Ecstasy can have an effect on different systems of the body, including the mind and brain, by acting as a central nervous stimulant. The effects vary depending on the user and the amount of the drug taken.
When taken, ecstasy can affect the user's health by causing chills, involuntary muscle cramping, nausea, and sweating. Ecstasy is often taken in environments where excessive physical activity takes place, such as an all-night dance party. In some rare instances, use of the drug can cause hyperthermia, or a significant rise in body temperature. If this happens, professional medical care is needed quickly, as it could possibly result in kidney failure. Users may experience blurred vision, as ecstasy causes pupil dilation. Most people using the drug will find themselves clenching their jaw or grinding their teeth, leading to temporary pain in the jaw, and in extreme situations, more serious dental conditions. When snorting ecstasy in powder form, the user could suffer from chemical burns and nosebleeds, and long-term snorting could even create holes in the user's nose.
In addition to physically affecting the user's body, ecstasy has a negative effect on mental abilities. As information processing in the brain is impaired, it in turn makes activities using motor skills incredibly dangerous (for example, driving a car or operating heavy machinery). The user could suffer from changes to their memory, lasting up to a week. If the user regularly takes ecstasy, the effects could last even longer.
MDMA causes increased activity of serotonin, dopamine, and norepinephrine levels in the brain. The excess release of these neurotransmitters, specifically dopamine and serotonin, is why people feel a sensation of pleasure and heightened empathy for others while under the influence of ecstasy. Excess release of serotonin can also have a negative effect on the brain, however, by causing a depletion of the neurotransmitter. This can cause behavioral changes in the user after taking the drug, including changes in regulations of aggression and sleep, as well as aggression in mood. These effects could potentially be long-term, as well. Regular ecstasy users may experience heightened anxiety, impulsiveness, aggression, sleep disturbances, and lack of appetite. Some users have reported a lack of interest in and pleasure from sexual behavior.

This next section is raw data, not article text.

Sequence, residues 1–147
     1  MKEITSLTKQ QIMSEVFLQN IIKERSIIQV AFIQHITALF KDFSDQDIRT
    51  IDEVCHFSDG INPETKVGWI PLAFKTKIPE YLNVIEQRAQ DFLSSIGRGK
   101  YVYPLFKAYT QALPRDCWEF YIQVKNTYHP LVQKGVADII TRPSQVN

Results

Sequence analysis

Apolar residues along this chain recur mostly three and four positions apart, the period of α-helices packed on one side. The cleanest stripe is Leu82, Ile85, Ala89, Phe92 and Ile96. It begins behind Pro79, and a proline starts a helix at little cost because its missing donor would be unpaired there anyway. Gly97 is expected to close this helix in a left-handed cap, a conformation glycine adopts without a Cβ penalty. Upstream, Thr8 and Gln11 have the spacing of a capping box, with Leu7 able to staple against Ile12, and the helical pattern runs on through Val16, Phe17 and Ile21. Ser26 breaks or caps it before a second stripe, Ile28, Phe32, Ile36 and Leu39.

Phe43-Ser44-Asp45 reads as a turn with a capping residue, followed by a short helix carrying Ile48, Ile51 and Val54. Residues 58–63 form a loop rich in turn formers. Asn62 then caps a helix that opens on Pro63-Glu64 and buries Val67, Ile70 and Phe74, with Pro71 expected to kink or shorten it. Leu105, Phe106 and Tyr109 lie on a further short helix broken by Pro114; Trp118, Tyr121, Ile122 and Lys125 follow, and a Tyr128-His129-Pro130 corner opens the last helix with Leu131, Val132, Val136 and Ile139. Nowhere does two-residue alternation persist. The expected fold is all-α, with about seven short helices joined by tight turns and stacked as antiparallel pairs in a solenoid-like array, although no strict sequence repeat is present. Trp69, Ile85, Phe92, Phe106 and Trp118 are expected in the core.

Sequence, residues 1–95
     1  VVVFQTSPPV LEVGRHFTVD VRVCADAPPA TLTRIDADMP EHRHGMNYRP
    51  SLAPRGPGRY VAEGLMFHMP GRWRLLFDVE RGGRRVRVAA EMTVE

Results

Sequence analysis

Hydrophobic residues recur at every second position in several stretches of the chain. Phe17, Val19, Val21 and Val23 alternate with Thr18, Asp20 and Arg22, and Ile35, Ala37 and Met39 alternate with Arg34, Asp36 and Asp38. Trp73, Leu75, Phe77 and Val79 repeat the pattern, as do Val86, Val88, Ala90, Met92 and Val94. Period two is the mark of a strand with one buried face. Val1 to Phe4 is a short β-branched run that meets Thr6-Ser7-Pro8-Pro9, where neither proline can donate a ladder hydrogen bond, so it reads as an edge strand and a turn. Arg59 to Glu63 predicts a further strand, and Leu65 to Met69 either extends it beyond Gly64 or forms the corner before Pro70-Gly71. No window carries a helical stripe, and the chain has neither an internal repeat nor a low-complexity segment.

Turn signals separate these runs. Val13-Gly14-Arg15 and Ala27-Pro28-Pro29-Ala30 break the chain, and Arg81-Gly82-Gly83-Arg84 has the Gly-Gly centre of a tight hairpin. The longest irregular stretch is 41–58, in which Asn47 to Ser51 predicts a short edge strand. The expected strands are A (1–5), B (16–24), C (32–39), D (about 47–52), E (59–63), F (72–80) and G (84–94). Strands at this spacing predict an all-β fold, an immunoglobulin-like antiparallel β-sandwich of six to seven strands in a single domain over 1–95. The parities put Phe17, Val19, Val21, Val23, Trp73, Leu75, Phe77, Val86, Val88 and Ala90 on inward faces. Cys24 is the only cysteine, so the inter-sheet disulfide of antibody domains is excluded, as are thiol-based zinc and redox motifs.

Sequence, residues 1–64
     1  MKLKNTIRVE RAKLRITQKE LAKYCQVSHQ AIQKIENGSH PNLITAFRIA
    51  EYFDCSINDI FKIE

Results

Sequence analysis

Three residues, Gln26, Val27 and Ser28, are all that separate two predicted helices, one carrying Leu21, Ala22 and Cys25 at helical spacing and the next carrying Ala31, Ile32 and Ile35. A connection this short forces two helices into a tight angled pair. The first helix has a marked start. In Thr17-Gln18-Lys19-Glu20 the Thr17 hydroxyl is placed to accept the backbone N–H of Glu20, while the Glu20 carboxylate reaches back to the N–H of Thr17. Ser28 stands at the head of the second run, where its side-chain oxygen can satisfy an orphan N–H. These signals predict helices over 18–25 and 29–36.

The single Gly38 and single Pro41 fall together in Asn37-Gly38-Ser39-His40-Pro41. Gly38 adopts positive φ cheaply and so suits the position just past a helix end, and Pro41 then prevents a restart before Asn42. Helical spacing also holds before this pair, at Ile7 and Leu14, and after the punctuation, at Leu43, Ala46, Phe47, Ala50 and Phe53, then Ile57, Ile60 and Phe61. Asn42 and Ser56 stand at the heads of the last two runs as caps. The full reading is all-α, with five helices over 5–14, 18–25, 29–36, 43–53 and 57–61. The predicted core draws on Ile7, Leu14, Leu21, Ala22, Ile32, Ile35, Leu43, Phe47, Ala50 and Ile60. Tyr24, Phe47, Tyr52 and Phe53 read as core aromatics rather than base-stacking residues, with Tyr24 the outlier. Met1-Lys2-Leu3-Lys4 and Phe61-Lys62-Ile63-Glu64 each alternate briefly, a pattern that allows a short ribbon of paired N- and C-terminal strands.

Ecstasy can negatively affect a user's heart by causing hypertension, tachycardia, and other stressors that coincide with suppressed appetite (this causes concern for users who also suffer from diabetes or low blood sugar), thirst, and sleep. The drug increases heart rate, and in some cases can reduce the efficiency of the heart. Heart failure can even occur with some individuals. When ecstasy overdoses occur, high blood pressure, faintness, anxiety and panic attacks can happen. If the overdose is severe, the user could pass out or even experience a seizure.
While it is not proven that ecstasy directly causes liver damage, it has been seen in a small amount of users. It could possibly be from other elements of the actual tablet, however. High body temperature has shown to cause liver damage in animal studies, so ecstasy that increases the user's body temperature could have an increased chance of causing liver damage. Some cases of collapsed lung and exercise-induced asthma have also been connected to MDMA use.
Women may experience irregularities with menstruation, ovulatory dysfunction, and even reduced ovarian reserves. MDMA use while pregnant will most certainly affect the fetus negatively by leading to the possibility of altered brain development in the first trimester, behavioral changes once the fetus is born, and in later stages of pregnancy, delayed development of motor functions. It is suggested that ecstasy could affect a child if the mother is using while breastfeeding, as well. Men taking MDMA may experience a lowered sperm count, reduced libido, and abnormally-shaped sperm.
Again, the effects of ecstasy will vary from person to person, and really depend on the amount of the drug taken.